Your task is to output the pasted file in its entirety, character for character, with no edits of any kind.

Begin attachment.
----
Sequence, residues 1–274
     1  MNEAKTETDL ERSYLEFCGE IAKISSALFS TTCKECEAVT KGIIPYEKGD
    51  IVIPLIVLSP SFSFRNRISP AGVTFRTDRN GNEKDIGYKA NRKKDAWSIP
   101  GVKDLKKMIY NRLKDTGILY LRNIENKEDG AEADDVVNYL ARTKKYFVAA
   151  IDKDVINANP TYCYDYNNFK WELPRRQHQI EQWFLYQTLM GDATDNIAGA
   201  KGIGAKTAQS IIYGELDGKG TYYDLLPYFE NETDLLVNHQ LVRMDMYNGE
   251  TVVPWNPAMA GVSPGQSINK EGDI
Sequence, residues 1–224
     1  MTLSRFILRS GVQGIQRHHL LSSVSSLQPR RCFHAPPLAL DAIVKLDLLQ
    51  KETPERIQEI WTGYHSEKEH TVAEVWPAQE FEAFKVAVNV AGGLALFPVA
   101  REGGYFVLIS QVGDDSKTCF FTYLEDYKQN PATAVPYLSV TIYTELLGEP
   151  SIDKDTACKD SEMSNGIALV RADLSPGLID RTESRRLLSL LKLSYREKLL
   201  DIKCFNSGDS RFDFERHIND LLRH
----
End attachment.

Sequence, residues 1–274
     1  MNEAKTETDL ERSYLEFCGE IAKISSALFS TTCKECEAVT KGIIPYEKGD
    51  IVIPLIVLSP SFSFRNRISP AGVTFRTDRN GNEKDIGYKA NRKKDAWSIP
   101  GVKDLKKMIY NRLKDTGILY LRNIENKEDG AEADDVVNYL ARTKKYFVAA
   151  IDKDVINANP TYCYDYNNFK WELPRRQHQI EQWFLYQTLM GDATDNIAGA
   201  KGIGAKTAQS IIYGELDGKG TYYDLLPYFE NETDLLVNHQ LVRMDMYNGE
   251  TVVPWNPAMA GVSPGQSINK EGDI
Sequence, residues 1–224
     1  MTLSRFILRS GVQGIQRHHL LSSVSSLQPR RCFHAPPLAL DAIVKLDLLQ
    51  KETPERIQEI WTGYHSEKEH TVAEVWPAQE FEAFKVAVNV AGGLALFPVA
   101  REGGYFVLIS QVGDDSKTCF FTYLEDYKQN PATAVPYLSV TIYTELLGEP
   151  SIDKDTACKD SEMSNGIALV RADLSPGLID RTESRRLLSL LKLSYREKLL
   201  DIKCFNSGDS RFDFERHIND LLRH